POLICY, PROGRAMME AND PROGRESS
Efforts to create enabling framework rather than issuing sovereign guarantees
By SHABBIR H. KAZMI
Feb 19 - 25, 2001
The discussion whether Pakistan should undertake privatization or not is simple waste of time and energy. The Government of Pakistan (GoP) had expressed its commitment for greater role of private sector in mid eighties when it started the process of liberalization, deregulation and privatization. Now the issues are: accelerating the process, making it transparent, attracting both local and foreign investors and creating regulatory framework to avoid exploitation by private sector entities replacing state-owned monopolies, etc. Pakistan is not trying to re-invent the wheel. Many countries have successfully achieved the objective and customers/consumers have emerged to be the beneficiaries at large.
According to Altaf M. Saleem, Minister for Privatization, "Pakistan is not selling its 'family silver'. The GoP aims at confining its role as facilitator and regulator and wishes that private sector should play its role as producer and services provider. The fiscal hemorrhages — caused by state owned enterprises (SOEs) in the past — and coerced lending to these entities has been responsible for Pakistan's weak financial position. Even to that extent that proceeds from privatization could not be used for debt retirement. The result is that this debt has gone too high and not sustainable. A very large percentage of our total expenditure is eaten up by debt servicing."
The transition from the highest state controls to market-based economy is not an easy task. Private sector demands clear-cut and long-term policies before investors could make any decision. Liberalization and deregulation was the first step for the entry of private sector in various industries. The objective was to create healthy competition among various players. This policy led to establishment of Hub Power Company, cement units and automotive assembly plants. At the same time a need was felt for the establishment of autonomous regulatory authorities in telecommunication, power and gas sectors. The objective behind creation of these authorities was to define rules of the game and identify umpires to ensure fair play. International lenders provided funds and expertise for the establishment of these regulatory authorities. Though, one cannot say that these authorities are fully autonomous, they (authorities) are also going through learning process.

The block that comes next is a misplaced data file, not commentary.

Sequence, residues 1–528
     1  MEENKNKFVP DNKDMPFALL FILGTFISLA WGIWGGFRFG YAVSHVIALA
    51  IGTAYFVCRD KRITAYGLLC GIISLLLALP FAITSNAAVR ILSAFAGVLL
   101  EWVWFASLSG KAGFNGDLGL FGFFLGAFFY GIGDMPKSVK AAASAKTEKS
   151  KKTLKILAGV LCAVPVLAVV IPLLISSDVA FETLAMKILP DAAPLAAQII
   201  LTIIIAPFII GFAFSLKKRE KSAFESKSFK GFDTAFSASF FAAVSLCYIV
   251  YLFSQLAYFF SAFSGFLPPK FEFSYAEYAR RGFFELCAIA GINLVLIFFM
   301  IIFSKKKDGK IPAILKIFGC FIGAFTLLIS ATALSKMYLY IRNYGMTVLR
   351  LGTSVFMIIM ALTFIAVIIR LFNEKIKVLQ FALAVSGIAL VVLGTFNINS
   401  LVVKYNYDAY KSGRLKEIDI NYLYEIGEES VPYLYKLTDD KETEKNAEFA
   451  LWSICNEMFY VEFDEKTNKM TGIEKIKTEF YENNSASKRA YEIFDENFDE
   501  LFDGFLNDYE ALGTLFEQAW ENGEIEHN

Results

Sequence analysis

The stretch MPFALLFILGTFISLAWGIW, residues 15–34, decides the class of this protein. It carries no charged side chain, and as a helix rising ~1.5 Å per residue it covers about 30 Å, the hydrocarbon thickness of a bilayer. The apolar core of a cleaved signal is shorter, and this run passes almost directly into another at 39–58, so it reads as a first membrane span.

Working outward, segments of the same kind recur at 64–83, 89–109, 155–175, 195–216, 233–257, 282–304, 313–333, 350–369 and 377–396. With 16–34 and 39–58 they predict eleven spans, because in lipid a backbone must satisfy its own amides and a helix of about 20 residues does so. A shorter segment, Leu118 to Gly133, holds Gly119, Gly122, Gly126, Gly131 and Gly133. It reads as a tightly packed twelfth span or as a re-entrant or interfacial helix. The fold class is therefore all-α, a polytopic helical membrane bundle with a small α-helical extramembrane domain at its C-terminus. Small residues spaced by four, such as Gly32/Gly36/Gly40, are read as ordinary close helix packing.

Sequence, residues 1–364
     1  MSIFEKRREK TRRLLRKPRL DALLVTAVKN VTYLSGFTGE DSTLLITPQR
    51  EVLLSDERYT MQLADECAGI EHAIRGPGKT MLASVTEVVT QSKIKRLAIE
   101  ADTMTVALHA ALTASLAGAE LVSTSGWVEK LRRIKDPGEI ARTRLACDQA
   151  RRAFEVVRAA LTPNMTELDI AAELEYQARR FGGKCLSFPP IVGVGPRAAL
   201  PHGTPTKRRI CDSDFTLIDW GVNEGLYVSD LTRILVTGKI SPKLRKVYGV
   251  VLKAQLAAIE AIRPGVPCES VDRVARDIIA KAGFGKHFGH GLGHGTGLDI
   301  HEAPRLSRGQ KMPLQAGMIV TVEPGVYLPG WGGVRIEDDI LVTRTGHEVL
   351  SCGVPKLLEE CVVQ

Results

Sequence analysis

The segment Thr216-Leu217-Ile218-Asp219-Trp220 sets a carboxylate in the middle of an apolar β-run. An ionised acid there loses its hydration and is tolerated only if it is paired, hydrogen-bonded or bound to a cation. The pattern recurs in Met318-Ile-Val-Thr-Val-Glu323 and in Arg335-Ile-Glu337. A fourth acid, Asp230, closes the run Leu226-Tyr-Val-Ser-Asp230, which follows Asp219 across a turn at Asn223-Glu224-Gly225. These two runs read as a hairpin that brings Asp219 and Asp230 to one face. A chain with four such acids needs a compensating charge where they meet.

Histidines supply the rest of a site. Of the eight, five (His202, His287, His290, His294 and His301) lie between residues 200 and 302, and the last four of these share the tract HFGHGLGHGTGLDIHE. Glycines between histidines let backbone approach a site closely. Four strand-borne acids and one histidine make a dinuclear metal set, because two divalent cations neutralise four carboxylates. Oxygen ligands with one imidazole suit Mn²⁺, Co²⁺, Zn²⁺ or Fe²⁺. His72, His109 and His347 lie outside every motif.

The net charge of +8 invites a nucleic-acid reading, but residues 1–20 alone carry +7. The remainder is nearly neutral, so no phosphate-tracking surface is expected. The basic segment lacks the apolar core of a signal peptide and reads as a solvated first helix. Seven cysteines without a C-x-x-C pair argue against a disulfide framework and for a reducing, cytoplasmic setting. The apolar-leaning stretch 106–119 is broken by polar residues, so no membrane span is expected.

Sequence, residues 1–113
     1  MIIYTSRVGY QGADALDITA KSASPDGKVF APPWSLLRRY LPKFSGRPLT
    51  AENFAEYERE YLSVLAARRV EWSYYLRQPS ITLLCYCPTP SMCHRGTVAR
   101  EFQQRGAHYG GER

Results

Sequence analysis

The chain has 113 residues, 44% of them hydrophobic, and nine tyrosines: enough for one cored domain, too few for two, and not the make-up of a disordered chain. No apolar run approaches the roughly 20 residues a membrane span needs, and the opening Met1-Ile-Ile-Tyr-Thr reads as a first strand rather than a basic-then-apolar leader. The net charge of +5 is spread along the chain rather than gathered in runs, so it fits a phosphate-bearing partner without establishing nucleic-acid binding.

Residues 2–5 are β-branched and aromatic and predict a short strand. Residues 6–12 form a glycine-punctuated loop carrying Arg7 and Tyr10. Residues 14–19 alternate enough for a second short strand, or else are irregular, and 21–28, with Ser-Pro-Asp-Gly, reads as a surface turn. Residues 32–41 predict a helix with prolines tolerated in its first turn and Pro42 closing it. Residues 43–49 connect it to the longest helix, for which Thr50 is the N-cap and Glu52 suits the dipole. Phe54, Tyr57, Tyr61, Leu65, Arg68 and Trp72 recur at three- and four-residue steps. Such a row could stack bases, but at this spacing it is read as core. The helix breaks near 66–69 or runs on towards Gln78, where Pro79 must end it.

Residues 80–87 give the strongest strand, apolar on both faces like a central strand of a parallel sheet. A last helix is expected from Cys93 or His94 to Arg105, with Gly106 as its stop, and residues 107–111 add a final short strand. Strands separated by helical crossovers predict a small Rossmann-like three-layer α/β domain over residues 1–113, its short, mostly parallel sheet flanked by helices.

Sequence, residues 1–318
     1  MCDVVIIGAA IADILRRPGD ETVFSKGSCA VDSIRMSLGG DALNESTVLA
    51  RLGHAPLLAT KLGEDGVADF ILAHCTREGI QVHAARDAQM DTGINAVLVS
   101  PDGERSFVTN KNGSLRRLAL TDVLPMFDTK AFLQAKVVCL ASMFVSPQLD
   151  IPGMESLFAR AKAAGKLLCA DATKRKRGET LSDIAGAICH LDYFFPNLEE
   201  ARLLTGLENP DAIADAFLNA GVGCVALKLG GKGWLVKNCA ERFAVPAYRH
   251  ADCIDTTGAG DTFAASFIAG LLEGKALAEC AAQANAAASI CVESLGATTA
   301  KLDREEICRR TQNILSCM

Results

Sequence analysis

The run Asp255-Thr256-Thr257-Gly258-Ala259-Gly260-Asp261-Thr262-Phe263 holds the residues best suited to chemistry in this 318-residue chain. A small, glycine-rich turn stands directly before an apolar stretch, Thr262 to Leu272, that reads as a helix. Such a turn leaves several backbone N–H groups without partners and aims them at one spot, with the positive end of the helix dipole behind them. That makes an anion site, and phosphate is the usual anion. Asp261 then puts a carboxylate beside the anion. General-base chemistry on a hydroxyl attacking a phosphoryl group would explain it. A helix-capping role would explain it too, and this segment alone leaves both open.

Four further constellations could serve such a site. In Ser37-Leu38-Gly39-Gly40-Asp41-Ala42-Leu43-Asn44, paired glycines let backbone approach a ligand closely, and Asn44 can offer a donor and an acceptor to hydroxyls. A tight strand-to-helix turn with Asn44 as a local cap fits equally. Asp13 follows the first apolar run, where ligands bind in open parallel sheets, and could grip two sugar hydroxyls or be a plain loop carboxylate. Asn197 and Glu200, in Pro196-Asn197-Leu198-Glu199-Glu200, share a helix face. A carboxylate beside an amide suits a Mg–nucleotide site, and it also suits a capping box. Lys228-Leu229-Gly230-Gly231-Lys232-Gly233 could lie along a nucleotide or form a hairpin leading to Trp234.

One may wonder why any government should worry so much about putting necessary policies in place before entering into market-based era. It is also a fact that investment is driven by returns. When the policies are unambiguous and for longer terms, investors are able to forecast and make decisions. According to the minister, "Our best efforts are to create enabling macroeconomic environment. In the absence of such an environment, investors seeks and often demand sovereign guarantees. Pakistan has done this in past and also had its fall back. Therefore, now the efforts are to enable the investors to estimate the risks, find ways to minimize them and make efforts to achieve the desired rate of return. The rules of the game are the same for every one and it would be up to the investors to try to achieve the best."
While talking about the GoP policy, Altaf said, "Apart from ensuring transparent deals our efforts are to design the transactions in such a way that it is a win win situation for the GoP as well as the investors. We would not like to sell the assets at through away prices. But at the same time we want to ensure a decent return for the strategic buyers. We want these investors to inject more funds for BMR and expansion. The same has been a practice globally."
Dilating his point about future prospects, the Minister said, "Look at power sector, the country needs millions of dollars to enhance power generation and to revamp T&D network. One of the reasons for higher T&D losses is depleted T&D network. Look at KESC, one per cent of T&D loss costs Rs 40 million to the Corporation. Therefore, when the strategic buyer makes fresh investments in KESC he also enjoys higher probability of cutting losses.
"We are selecting financial advisors for various entities very carefully. The fees payable to a financial advisor may seem a little high. However, a financial advisor who has the required experience contributes a lot in concluding a good deal. Therefore, this time we are picking up only reputed names," Altaf concluded.